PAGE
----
Cost comparison of osteopathic manipulative treatment for patients with chronic low back pain

Danielle Cooley, James Bailey, Richard Jermyn

    Research output: Contribution to journalArticlepeer-review

    Abstract

    Chronic low back pain (cLBP) is the second leading cause of disability in the United States, with significant physical and financial implications. Development of a multifaceted treatment plan that is cost effective and optimizes patients' ability to function on a daily basis is critical. To date, there have been no published prospective studies comparing the cost of osteopathic manipulative treatment to that of standard care for patients with cLBP. To contrast the cost for standard of care treatment (SCT) for cLBP with standard of care plus osteopathic manipulative treatment (SCT + OMT). This prospective, observational study was conducted over the course of 4 months with two groups of patients with a diagnosis of cLBP. Once consent was obtained, patients were assigned to the SCT or the SCT + OMT group based on the specialty practice of their physician. At enrollment and after 4 months of treatment, all patients in both groups completed two questionnaires: the 11 point pain intensity numerical scale (PI-NRS) and the Roland Morris Disability Questionnaire (RMDQ). Cost data was collected from the electronic medical record of each patient enrolled in the study. Chi-square (χ2Yates) tests for independence using Yates' correction for continuity were performed to compare the results for each group. There was a total of 146 patients: 71 (48.6%) in the SCT + OMT group and 75 (51.4%) in the SCT group. The results showed no significant differences between the mean total costs for the SCT + OMT ($831.48 ± $553.59) and SCT ($997.90 ± $1,053.22) groups. However, the utilization of interventional therapies (2; 2.8%) and radiology (4; 5.6%) services were significantly less for the SCT + OMT group than the utilization of interventional (31; 41.3%) and radiology (17; 22.7%) therapies were for the SCT group (p<0.001). Additionally, the patients in the SCT + OMT group were prescribed fewer opioid medications (15; 21.1) than the SCT (37; 49.3%) patients (p.001). Patients in the SCT group were approximately 14.7 times more likely to have received interventional therapies than patients in the SCT + OMT group. Likewise, the patients in the SCT group were approximately four times more likely to have received radiological services. Paired t tests comparing the mean pre- and 4 month self reported pain severity scores on the RMDQ for 68 SCT + OMT patients (9.91 ± 5.88 vs. 6.40 ± 5.24) and 66 SCT patients (11.44 ± 6.10 vs. 8.52 ± 6.14) found highly significant decreases in pain for both group (<0.001). The mean total costs for the SCT and SCT + OMT patients were statistically comparable across 4 months of treatment. SCT + OMT was comparable to SCT alone in reducing pain and improving function in patients with chronic low back pain; however, there was less utilization of opioid analgesics, physical therapy, interventional therapies, radiologic, and diagnostic services for patients in the SCT + OMT group.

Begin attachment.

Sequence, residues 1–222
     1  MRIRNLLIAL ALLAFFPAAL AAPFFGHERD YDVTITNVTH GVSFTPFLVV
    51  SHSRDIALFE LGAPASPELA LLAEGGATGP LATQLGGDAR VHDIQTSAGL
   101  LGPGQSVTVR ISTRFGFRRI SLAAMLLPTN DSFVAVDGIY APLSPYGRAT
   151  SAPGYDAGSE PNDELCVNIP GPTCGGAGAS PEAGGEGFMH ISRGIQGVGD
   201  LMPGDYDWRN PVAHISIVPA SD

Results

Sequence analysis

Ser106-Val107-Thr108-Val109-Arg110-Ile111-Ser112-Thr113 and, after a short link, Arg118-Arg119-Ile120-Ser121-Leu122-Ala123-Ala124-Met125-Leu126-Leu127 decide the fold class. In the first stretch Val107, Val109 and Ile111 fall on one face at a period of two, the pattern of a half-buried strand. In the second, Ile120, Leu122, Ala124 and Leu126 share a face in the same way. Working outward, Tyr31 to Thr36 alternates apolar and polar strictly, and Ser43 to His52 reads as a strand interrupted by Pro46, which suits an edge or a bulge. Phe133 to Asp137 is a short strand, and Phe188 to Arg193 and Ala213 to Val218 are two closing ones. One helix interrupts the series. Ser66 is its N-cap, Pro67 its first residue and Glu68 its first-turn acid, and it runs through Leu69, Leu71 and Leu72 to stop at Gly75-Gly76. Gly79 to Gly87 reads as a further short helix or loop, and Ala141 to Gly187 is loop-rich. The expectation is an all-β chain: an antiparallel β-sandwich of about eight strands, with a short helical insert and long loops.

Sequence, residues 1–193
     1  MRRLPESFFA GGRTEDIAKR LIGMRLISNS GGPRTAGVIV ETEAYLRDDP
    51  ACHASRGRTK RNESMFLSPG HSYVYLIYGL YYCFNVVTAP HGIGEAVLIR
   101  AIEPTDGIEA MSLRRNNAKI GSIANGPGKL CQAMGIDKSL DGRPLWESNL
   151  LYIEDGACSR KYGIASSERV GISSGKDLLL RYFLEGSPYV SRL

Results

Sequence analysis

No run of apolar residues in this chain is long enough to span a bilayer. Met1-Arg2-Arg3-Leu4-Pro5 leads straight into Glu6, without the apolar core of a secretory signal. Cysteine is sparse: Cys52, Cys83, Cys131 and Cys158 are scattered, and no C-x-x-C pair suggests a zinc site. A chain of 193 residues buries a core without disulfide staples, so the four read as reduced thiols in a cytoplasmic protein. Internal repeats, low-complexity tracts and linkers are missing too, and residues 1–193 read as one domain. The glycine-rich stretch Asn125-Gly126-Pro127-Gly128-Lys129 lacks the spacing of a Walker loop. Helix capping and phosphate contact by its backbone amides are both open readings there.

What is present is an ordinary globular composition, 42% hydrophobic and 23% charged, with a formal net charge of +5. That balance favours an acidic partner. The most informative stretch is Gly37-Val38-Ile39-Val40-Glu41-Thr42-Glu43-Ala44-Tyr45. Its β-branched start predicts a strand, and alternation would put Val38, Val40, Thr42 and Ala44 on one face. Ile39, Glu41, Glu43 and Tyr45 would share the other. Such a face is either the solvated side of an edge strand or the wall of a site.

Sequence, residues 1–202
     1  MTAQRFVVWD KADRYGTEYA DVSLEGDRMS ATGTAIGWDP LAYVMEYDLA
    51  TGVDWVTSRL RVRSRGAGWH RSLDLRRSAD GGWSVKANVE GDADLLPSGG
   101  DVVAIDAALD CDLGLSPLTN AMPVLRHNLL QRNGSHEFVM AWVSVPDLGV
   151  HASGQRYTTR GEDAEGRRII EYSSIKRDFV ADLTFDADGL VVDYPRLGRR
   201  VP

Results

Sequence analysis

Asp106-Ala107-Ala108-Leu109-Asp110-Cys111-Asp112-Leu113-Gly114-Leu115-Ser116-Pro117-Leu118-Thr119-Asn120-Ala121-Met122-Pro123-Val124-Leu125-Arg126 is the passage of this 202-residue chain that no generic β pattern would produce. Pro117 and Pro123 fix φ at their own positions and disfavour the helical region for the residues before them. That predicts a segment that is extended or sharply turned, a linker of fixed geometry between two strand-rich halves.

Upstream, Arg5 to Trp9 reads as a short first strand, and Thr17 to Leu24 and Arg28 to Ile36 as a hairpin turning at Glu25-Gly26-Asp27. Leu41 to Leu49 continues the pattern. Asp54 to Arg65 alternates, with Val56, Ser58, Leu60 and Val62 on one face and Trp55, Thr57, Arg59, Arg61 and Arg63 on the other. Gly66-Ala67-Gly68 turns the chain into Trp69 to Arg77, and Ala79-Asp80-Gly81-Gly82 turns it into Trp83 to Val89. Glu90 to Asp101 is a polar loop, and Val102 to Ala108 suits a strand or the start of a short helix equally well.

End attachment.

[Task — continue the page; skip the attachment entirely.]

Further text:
Original languageEnglish (US)
    Pages (from-to)635-642
    Number of pages8
    JournalJournal of Osteopathic Medicine
    Volume121
    Issue number7
    DOIs
    StatePublished - Jul 1 2021

    All Science Journal Classification (ASJC) codes

    • Complementary and alternative medicine
    • Complementary and Manual Therapy

    Fingerprint

    Dive into the research topics of 'Cost comparison of osteopathic manipulative treatment for patients with chronic low back pain'. Together they form a unique fingerprint.

    Cite this